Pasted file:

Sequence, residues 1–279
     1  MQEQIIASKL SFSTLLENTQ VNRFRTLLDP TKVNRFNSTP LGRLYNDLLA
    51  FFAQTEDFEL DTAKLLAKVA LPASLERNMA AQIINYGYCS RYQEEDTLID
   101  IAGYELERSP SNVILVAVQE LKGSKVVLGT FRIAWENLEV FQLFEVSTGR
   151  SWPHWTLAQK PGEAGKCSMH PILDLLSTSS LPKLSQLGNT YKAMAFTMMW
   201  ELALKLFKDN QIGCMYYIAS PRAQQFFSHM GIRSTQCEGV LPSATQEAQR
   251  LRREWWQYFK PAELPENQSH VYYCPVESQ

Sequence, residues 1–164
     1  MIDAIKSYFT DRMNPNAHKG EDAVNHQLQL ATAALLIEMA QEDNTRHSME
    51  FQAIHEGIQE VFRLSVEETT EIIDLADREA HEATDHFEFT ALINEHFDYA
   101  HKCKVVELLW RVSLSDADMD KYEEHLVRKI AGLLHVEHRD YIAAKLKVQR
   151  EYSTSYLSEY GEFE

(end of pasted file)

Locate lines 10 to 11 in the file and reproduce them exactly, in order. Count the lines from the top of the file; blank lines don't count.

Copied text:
    51  FQAIHEGIQE VFRLSVEETT EIIDLADREA HEATDHFEFT ALINEHFDYA
   101  HKCKVVELLW RVSLSDADMD KYEEHLVRKI AGLLHVEHRD YIAAKLKVQR